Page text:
Rosetta will attempt comet landing
This single frame Rosetta navigation camera image of Comet 67P/Churyumov-Gerasimenko was taken on 15 June 2015 from a distance of 207 km from the comet centre. The image has a resolution of 17.7 m/pixel and measures 18.1 km across. Credit: ESA/Rosetta/NAVCAM – CC BY-SA IGO 3.0 [/caption]
Europe’s history making Rosetta cometary spacecraft has been granted a nine month mission extension to plus up its bountiful science discoveries as well as been given the chance to accomplish one final and daring historic challenge, as engineers attempt to boldly go and land the probe on the undulating surface of the comet its currently orbiting.
Officials with the European Space Agency (ESA) gave the “GO” on June 23 saying “The adventure continues” for Rosetta to march forward with mission operations until the end of September 2016.
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If all continues to go well “the spacecraft will most likely be landed on the surface of Comet 67P/Churyumov-Gerasimenko” said ESA to the unabashed glee of the scientists and engineers responsible for leading Rosetta and reaping the rewards of nearly a year of groundbreaking research since the probe arrived at comet 67P in August 2014.
“This is fantastic news for science,” says Matt Taylor, ESA’s Rosetta Project Scientist, in a statement.
It will take about 3 months for Rosetta to spiral down to the surface.
After a decade long chase of over 6.4 billion kilometers (4 Billion miles), ESA’s Rosetta spacecraft arrived at the pockmarked Comet 67P/Churyumov-Gerasimenko on Aug. 6, 2014 for history’s first ever attempt to orbit a comet for long term study.
Since then, Rosetta deployed the piggybacked Philae landing craft to accomplish history’s first ever touchdown on a comets nucleus on November 12, 2014. It has also orbited the comet for over 10 months of up close observation, coming at times to as close as 8 kilometers. It is equipped with a suite 11 instruments to analyze every facet of the comet’s nature and environment.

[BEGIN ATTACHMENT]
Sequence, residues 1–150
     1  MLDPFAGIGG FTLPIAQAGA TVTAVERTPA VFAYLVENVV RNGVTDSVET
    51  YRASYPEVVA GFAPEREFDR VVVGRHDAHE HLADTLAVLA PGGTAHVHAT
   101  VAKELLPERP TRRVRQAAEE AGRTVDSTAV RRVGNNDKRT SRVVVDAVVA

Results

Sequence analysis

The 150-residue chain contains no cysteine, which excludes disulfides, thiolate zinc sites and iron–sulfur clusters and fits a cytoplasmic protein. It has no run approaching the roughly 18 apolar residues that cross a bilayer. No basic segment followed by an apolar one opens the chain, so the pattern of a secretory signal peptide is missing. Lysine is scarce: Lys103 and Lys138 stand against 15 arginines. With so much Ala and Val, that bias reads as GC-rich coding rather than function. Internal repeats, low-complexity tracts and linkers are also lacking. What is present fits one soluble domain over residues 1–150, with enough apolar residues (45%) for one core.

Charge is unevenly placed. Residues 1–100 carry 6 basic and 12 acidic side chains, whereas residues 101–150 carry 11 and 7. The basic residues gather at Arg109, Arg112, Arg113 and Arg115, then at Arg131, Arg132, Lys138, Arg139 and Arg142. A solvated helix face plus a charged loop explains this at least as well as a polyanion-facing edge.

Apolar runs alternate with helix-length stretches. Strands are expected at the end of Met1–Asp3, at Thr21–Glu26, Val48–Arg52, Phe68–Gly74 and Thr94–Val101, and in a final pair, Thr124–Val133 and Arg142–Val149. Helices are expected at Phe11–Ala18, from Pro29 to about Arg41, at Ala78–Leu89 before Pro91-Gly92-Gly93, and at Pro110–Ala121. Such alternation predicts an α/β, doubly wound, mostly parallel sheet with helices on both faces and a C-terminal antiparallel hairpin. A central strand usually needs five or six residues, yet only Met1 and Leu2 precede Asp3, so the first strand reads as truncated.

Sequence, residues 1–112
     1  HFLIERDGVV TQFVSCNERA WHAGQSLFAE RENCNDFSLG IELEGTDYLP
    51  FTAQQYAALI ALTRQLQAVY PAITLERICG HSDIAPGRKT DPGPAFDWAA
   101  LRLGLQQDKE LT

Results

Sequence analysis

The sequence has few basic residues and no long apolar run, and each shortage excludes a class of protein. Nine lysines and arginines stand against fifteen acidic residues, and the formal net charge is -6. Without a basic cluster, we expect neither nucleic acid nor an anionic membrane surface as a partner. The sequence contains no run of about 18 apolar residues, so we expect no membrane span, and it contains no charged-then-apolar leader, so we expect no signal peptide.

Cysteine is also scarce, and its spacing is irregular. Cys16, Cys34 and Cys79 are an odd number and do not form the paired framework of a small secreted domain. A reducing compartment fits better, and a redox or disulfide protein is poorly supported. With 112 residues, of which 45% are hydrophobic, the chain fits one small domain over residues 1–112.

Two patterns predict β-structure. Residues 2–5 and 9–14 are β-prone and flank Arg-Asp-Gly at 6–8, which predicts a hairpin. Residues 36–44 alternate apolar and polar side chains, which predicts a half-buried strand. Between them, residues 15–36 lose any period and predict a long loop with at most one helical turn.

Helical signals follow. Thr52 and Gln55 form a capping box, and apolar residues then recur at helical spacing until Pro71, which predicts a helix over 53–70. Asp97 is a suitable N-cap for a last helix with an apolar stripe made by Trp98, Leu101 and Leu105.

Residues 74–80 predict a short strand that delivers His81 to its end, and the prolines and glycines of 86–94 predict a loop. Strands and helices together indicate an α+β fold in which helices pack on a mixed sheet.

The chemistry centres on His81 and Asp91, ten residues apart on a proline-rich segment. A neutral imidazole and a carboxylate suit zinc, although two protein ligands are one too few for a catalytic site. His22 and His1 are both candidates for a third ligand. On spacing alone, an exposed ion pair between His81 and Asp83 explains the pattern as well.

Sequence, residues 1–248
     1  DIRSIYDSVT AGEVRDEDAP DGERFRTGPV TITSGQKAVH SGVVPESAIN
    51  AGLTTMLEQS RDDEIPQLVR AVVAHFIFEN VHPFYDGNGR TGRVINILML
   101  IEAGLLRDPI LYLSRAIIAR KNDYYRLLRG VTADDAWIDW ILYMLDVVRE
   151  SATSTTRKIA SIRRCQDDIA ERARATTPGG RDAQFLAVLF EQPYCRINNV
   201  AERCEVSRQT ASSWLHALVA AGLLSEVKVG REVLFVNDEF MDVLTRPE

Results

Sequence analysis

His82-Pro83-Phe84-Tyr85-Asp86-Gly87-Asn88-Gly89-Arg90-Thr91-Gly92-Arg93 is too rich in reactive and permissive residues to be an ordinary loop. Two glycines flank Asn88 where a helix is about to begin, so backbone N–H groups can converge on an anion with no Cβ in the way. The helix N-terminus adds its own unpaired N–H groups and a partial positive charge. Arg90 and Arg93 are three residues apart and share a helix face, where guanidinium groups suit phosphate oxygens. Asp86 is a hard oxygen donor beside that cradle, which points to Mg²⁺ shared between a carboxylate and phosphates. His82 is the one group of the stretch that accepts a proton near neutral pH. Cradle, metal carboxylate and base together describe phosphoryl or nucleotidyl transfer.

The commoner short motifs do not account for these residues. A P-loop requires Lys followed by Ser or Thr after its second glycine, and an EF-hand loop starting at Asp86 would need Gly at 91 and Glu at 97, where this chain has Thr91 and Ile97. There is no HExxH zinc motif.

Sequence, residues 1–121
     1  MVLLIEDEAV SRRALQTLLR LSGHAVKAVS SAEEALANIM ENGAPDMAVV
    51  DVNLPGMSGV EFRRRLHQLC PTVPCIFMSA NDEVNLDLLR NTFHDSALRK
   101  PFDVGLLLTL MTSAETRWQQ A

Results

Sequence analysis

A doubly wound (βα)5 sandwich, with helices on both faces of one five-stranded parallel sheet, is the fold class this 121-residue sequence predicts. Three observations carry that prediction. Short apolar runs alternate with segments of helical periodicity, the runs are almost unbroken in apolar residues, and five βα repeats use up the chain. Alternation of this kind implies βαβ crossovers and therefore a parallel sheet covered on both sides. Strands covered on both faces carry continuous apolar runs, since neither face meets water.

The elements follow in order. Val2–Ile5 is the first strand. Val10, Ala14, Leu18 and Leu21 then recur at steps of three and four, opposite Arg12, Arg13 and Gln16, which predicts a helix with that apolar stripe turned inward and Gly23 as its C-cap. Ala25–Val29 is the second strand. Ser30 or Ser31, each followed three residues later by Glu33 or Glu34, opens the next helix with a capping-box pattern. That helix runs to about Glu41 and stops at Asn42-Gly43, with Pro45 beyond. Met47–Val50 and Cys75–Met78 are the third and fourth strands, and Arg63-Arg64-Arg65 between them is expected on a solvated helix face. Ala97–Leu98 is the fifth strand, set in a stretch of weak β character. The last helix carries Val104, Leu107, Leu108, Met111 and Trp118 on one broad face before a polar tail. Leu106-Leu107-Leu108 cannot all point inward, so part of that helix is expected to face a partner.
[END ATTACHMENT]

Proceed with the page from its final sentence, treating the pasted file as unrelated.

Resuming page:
Currently, Comet 67P is still becoming more and more active as it orbits closer and closer to the sun over the next two months. The mission extension will enable researchers to a far greater period of time to compare the comets activity, physical and chemical properties and evolution ‘before and after’ they arrive at perihelion some six weeks from today.
The pair reach perihelion on August 13, 2015 at a distance of 186 million km from the Sun, between the orbits of Earth and Mars.
“We’ll be able to monitor the decline in the comet’s activity as we move away from the Sun again, and we’ll have the opportunity to fly closer to the comet to continue collecting more unique data. By comparing detailed ‘before and after’ data, we’ll have a much better understanding of how comets evolve during their lifetimes.”
Because the comet is nearly at its peak of outgassing and dust spewing activity, Rosetta must observe the comet from a stand off distance, while still remaining at a close proximity, to avoid damage to the probe and its instruments.
Furthermore, the Philae lander “awoke” earlier this month after entering a sven month hibernation period after successfully compleing some 60 hours of science observations from the surface.
As the comet again edges away from the sun and becomes less active, the team will attempt to land Rosetta on comet 67P before it runs out of fuel and the energy produced from the huge solar panels is insufficient to continue mission operations.
“This time, as we’re riding along next to the comet, the most logical way to end the mission is to set Rosetta down on the surface,” says Patrick Martin, Rosetta Mission Manager.
“But there is still a lot to do to confirm that this end-of-mission scenario is possible. We’ll first have to see what the status of the spacecraft is after perihelion and how well it is performing close to the comet, and later we will have to try and determine where on the surface we can have a touchdown.”
During the extended mission, the team will use the experience gained in operating Rosetta in the challenging cometary environment to carry out some new and potentially slightly riskier investigations, including flights across the night-side of the comet to observe the plasma, dust, and gas interactions in this region, and to collect dust samples ejected close to the nucleus, says ESA.
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